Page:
In an ABI research report from the second quarter of 2009, senior analyst Nadine Manjaro wrote, "Vendors will only begin shipping base station equipment in significant quantities in 2010, followed by full commercial launches in 2011." While "many operators have been talking about re-use of existing equipment," ABI expects that "most ... base stations will have completely new baseband and RF components, because operators will generally try to keep the new LTE networks separate from their legacy networks," she wrote.
ABI predicts that there will be at best 34 million LTE users at the end of 2011, with perhaps twice as many WiMax users. And Adlane Fellah, an analyst at telecommunications research firm Maravedis Inc., even speculated that carriers who intend to deploy LTE in a few years might turn to WiMax in the short term to take pressure off their 3G networks.
Although LTE is lagging behind WiMax today and will likely do so for the next few years, it's far from certain that WiMax will win this fight in the long run. "To LTE's credit, WiMax's head start has lessened, and LTE has the support of most major mobile operators," said Daryl Schoolar, principal analyst for wireless infrastructure at research firm Current Analysis Inc., in an e-mail exchange.
"WiMax, on the other hand, has in most cases been the technology of choice for new market entrants -- Tier 2 and Tier 3 operators," Schoolar continued. "This gives LTE the advantage, as its operators often have deeper pockets and established relationships with the end user. Both attributes are needed to get a new network up and running."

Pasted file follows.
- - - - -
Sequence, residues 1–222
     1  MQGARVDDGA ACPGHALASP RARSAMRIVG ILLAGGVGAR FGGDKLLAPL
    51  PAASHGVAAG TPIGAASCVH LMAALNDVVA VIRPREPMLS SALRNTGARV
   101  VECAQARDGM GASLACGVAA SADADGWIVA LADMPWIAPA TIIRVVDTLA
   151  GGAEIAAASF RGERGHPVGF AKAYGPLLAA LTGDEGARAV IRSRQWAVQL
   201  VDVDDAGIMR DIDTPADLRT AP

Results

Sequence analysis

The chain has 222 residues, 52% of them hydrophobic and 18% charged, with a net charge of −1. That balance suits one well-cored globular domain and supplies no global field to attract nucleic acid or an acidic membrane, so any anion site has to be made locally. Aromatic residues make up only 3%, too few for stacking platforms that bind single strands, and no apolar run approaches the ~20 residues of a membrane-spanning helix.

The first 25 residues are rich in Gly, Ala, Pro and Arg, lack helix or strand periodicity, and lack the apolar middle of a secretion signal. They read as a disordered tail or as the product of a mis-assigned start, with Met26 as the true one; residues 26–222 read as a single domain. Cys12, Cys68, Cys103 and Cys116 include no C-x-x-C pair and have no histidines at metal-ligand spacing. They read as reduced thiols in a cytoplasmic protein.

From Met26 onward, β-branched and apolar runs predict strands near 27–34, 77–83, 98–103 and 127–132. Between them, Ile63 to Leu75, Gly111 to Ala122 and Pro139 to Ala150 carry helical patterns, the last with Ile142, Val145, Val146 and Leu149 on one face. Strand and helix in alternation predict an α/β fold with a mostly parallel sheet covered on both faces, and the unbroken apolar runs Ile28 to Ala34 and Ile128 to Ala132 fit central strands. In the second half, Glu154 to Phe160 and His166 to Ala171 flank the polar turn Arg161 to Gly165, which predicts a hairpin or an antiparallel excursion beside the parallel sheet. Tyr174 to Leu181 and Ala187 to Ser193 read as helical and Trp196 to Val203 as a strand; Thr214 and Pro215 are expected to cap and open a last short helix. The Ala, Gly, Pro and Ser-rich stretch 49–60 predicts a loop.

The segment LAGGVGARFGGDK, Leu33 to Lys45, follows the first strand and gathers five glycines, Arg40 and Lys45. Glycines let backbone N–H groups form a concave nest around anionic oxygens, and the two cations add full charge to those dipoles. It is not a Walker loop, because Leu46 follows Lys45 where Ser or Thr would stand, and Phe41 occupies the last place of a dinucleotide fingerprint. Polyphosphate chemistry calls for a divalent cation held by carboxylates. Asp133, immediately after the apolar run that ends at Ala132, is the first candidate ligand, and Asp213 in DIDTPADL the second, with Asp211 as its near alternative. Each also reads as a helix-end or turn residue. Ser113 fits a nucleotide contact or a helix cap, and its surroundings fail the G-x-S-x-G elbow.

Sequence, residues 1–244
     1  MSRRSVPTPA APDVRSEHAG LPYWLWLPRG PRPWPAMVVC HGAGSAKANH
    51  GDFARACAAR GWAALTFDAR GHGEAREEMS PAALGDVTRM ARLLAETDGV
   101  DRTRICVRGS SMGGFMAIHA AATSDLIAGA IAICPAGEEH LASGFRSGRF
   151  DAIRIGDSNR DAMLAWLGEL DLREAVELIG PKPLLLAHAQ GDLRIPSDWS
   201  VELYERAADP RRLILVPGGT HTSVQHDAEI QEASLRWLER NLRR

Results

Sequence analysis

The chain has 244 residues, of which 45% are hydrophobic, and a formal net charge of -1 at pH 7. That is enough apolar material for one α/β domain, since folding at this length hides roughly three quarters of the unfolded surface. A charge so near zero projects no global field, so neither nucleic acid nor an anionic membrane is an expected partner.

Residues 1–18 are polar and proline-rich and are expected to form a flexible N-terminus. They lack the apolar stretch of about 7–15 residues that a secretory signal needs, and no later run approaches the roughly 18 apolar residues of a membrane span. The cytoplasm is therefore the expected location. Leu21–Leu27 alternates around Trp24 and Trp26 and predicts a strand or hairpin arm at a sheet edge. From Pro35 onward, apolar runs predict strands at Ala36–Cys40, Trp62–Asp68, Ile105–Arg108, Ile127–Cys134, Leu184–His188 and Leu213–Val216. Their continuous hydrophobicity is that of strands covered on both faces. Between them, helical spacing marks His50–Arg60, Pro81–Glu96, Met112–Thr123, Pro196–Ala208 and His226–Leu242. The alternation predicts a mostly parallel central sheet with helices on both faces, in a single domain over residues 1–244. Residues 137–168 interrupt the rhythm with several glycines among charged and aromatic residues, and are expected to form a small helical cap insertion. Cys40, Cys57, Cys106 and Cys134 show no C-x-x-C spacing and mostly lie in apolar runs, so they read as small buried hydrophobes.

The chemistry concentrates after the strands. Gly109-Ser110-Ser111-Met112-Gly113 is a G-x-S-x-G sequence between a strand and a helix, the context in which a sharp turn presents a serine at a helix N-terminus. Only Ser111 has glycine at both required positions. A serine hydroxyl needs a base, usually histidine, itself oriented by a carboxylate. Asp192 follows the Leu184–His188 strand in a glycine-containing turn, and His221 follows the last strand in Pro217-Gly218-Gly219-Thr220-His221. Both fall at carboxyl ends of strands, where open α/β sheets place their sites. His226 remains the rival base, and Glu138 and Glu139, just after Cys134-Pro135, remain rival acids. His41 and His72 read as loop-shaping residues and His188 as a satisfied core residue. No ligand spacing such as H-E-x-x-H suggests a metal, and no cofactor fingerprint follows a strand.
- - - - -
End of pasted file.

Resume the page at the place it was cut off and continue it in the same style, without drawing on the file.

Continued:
Unless WiMax deployment rates speed up, LTE will become the dominant 4G data network by 2015, predicts ABI Research principal analyst Phillip Solis. Farpoint Group's Mathias concurs. "LTE will have the footprint, services, and carrier and vendor support to make almost everyone happy, especially when coupled with Wi-Fi, which it will often be," he said. "WiMax isn't going away, but its opportunities for growth will be severely limited, and I don't think that there's much that can be done about that either from a business or a technology perspective."
Stanforth sees a role for WiMax as a public service, recalling the failure of many municipal Wi-Fi efforts, such as those in San Francisco, Chicago, St. Louis and Springfield, Ill., and speculating that WiMax might be better suited to the task. "Muni Wi-Fi flopped primarily because of both the lousy coverage of Wi-Fi and the cost to even get that -- it took 60-plus Wi-Fi [access points] per square mile to implement using a typical mesh architecture, whereas a single WiMax AP will probably cover well over a square mile. The economics of 'Muni WiMax' might make sense," he said.